Ever since the publication in 1989 of Peter Mayle’s runaway bestseller A Year in Provence, this southernmost region of France
A week in Provence's vineyards, cruising along the river-ways in style
Ever since the publication in 1989 of Peter Mayle’s runaway bestseller A Year in Provence, this southernmost region of France, its wonderful food and wine and its relaxed way of life have exerted a magnetic pull. By river boat, you can travel through it at the best – the slowest – of paces. Drift past medieval towns and villages, sunflower and lavender fields, truffle and olive groves, vineyards and foodie markets and you’ll begin to understand the magic. I didn’t have a year but at least I had a week in Provence.
Compared to ocean-going ships, Belmond Afloat Napoléon feels like a toy boat with just three decks and six cabins for a maximum of 12 passengers. There are six crew, too – talk about personal service! This is most definitely the luxury end of river cruising – hardly surprising when you learn that Afloat in France is in the same group as the Orient Express.
We are journeying down a river that gave its name to one of France’s most famous wines – Cote de Rhone – and wine is quite a feature on this trip. Our first stop is a tasting at the Ferraton vineyard in Hermitage and several more follow, with many of the choicest bottles ending up on the table at dinner!
It was actually the Romans who planted the first vines, and they also brought lavender to scent their bath houses. Nowadays, you can buy it here fresh from the fields as an aromatherapy oil or perfumed pillow. And you can still see it ground between the same enormous millstones the Romans would have used. Its heady fragrance fills the air for miles around.
The Romans brought water, too, from mountain springs to their new cities via aqueducts. The greatest must be the Pont du Gard, a UNESCO world heritage site close to Avignon and part of a 50km stretch of a massive threestorey structure. It’s quite a view from the top.
There’s an even better one from Les Baux. A short drive from our mooring at Arles took us up – and up – to a spectacular mountain eyrie and one of the most picturesque villages in France with breathtaking views of Arles and the Camargue below. The original lords of Baux claimed to be descended from one of the Magi, the three wise men, who visited Bethlehem for the birth of Jesus and they put the Star of Bethlehem on their coat of arms to let everyone know. Nowadays, the title belongs to the rulers of Monaco, the Grimaldi family, and Princess Caroline of Monaco is the Marquise des Baux.
It was in Arles that Van Gogh painted dozens of his most famous pictures. His dreamy, luminous portrayals of the city include the night-time pavement café on the Place du Forum bathed in a golden glow. It still looks exactly the same today – a good place to stop for a cold drink. Or take an evening stroll to the spot where the artist painted ‘Starry Night over the Rhône’.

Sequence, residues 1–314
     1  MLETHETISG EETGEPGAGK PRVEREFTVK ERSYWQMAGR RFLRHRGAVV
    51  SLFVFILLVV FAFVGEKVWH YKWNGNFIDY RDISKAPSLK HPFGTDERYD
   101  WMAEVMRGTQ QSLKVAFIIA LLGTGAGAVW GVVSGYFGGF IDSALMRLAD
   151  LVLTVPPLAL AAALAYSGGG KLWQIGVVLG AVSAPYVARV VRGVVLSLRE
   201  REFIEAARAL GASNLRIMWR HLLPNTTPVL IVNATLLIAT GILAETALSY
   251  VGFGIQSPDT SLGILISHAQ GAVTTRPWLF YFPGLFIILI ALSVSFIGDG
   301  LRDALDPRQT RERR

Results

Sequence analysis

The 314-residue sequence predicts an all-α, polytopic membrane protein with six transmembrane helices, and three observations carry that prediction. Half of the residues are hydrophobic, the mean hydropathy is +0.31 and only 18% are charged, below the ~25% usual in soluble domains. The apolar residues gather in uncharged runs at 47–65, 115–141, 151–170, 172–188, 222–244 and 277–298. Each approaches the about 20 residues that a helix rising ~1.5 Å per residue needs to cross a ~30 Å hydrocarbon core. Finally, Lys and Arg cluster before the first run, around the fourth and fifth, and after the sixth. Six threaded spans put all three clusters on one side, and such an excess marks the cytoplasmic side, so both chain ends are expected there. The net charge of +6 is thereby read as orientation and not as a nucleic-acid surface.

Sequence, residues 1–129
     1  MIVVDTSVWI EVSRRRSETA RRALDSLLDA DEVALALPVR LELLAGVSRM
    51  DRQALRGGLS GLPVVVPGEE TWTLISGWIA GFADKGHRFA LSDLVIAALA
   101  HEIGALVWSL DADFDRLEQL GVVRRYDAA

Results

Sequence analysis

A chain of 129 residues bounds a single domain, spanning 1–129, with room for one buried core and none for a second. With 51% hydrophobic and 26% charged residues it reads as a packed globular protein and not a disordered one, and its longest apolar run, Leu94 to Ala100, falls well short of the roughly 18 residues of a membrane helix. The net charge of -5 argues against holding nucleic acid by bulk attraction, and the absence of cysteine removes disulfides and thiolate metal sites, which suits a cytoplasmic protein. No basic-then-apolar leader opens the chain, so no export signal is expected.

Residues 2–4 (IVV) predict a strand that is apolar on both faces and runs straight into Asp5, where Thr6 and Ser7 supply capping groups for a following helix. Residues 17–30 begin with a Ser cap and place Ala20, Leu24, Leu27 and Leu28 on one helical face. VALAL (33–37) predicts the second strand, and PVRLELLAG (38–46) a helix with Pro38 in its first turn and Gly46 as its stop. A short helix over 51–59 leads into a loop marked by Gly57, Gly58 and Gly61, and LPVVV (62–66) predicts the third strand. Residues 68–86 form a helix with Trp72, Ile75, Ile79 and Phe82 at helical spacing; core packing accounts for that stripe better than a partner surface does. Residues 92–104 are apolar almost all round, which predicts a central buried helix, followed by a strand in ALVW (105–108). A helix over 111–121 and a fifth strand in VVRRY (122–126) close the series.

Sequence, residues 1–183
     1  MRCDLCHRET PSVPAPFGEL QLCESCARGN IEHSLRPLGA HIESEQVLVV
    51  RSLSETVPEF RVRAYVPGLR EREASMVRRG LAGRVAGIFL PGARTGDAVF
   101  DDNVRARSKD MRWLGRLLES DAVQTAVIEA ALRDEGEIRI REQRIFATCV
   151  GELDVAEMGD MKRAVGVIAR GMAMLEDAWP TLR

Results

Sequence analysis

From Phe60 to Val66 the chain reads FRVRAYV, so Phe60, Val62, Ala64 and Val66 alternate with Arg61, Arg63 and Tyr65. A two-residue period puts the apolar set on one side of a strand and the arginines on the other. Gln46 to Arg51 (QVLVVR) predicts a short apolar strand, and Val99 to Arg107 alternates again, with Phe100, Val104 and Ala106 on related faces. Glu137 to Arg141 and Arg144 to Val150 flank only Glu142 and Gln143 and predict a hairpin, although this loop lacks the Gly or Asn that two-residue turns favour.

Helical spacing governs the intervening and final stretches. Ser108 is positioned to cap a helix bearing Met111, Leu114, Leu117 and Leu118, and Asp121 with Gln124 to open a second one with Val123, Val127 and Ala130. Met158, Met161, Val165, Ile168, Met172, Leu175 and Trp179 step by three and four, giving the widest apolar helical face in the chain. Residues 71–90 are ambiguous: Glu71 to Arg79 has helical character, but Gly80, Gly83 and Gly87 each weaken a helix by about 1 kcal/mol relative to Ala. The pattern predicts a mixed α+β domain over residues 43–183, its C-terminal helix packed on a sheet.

Avignon is just a few miles by boat from Arles and we dock in front of the famous bridge, Pont Saint-Bénezet, immortalised in song as Le Pont d’Avignon – to discover it’s only half a bridge. Frequently washed away by the Rhône, the locals decided it just wasn’t worth the constant repairs, so it now arches gracefully – but only halfway across. It’s a city full of surprises. There are beautiful ancient walls, narrow cobbled streets and bright blue shutters at the windows. Expansive gardens sweep down to the river and the Palais des Papes. But if all this sounds historical and just a bit quiet – don’t be fooled.
For all its Roman and medieval roots, this university city buzzes with life. In July and early August, it also has one of France’s most famous summer festivals when every café, theatre and even the Palace of the Popes is a venue for music, comedy, theatre and art. There are street entertainers in every square and in front of every pavement café. And it’s not a bad place to go shopping either. You’ll find everything from fashion to copper pans and pretty Provencal kitchenware.
Back onboard, the Napoléon certainly lives up to its name. We lived pretty much like emperors. Every day fresh food from the local markets was transformed into superb meals. Salmon and wild boar, delicate shellfish and sun-kissed fruits, rustic breads and cheeses to die for. Some of our excursions were seriously foodie, too. At Le Grand Servan, we discovered how the best olive oil is traditionally made and later visited a truffle farm where the ‘black diamonds’ were dug up not by pigs, but by Labrador dogs!
It was an action-packed week that covered a lot of ground – or water. But it was also very relaxing. The top deck of the Napoléon is open with a Jacuzzi, exercise bikes and plenty of loungers. As you drift down the Rhône at a maximum speed of 15 kilometres an hour, you can feel yourself unwind under the hot Provencal sun as the olive groves and vineyards, fields of lavender and sunflowers drift slowly past. Ducks dabble upside down, dragonflies land on the rails and shimmer in the heat. Then one of the crew comes up on deck. ‘May I offer you a glass of champagne?’
Well, what can you say? A six-night journey on board Belmond Napoleon starts from 4,804 Euros per person based on two adults sharing a double cabin. This includes 1st class TGV transfer from Paris to the boat, all meals and drinks on board and all shore activities outlined in the itinerary. belmond.com
© This article was first published in June-July 2017 edition of World Travel Magazine.